Instead, Kerry decided to talk about the most controversial period of his life (and only one-half of that period). By single-mindedly focusing on his four months in Vietnam while ignoring his longer tenure as the anti-war protestor that made him famous, Kerry opened himself up to attack by making his character an issue in this campaign.

The president has done a great job in combating the War on Terror. He has not done a good job of defending his economic record. The war's Iraq theater is the single biggest reason why he is in a dead heat with Kerry. Bush was very popular in the polls before Iraq was invaded. In fact, his popularity held up until the Iraq insurgency had stretched into the Autumn of 2003. However, while Bush has taken a hit in popularity because of Iraq, Bush could turn his numbers around by touting the good American economy.

Bush has spent a lot of time explaining to the American people about his ideas on the War on Terror. What he has not discussed as much as is the state of the economy. It seems as if both the Bush administration and campaign are afraid of the Bush economic record. President Bush should jump in front of the economic issue and inform Americans that the economy is doing great despite the immense challenges of the last 3 years.

The unemployment numbers are similar to those of the Clinton administration's during the 1996 campaign. Clinton boasted repeatedly how well the economy was doing despite whether he believed it or not. By most accounts, the economy is doing well. In fact, the American economy has consistently grown since Reagan's tax cuts with only the 1991 and 2000 recessions as blips on the amazing record of our economic growth. There is no wide spread panic in the nation over the state of our economy. Instead, people think the economy is suffering when things are getting better on a daily basis.

Someone once said, "a recession is when a neighbor loses a job, a depression is when I lose my job." Well, people do have their jobs but they think we are in sort of a funky economic depression. The fact is that Republicans have not talked about the economy.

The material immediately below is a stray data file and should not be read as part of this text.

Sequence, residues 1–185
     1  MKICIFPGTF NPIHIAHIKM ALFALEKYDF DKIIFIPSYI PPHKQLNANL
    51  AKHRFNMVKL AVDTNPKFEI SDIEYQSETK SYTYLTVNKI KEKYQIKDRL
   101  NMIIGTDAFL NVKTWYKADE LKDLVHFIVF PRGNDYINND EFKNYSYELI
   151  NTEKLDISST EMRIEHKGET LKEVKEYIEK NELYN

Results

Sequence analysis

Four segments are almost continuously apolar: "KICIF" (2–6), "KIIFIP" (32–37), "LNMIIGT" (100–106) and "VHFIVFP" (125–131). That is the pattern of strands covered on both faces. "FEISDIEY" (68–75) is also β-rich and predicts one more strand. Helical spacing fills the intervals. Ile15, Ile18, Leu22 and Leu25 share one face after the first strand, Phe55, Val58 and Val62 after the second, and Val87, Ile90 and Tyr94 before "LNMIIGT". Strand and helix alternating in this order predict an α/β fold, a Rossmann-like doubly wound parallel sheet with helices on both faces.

President Bush should not be ashamed of his economic record. He should be proud of it, he should embrace it. Bush should talk at length about the economy at the Republican Convention. He should say...

The tax cuts have worked. If Americans didn't get tax cuts, they would have had less money in their pockets

The United States has plenty to be proud of. We have dealt with the 2000 recession, 9/11 and War on Terror at home and abroad. Terror threats have kept us on edge and kept the economy in check but we have still accomplished so much.

As we are finally facing terrorism head on, we won't shrink from the challenge. Our economy will adapt and will learn how to deal with the new post-9/11 world that we live in.

We are doing a great job, but we're going to do even better over the next four years. We have accomplished so many great things, but we still have a long way to go. Through my leadership, vision and resolve, we will get there!

Neither Bush nor Kerry are running good campaigns. As the election heads down the homestretch, the one who wins will be the candidate who figures out how to run the better campaign. Who will it be? We will find out, soon enough.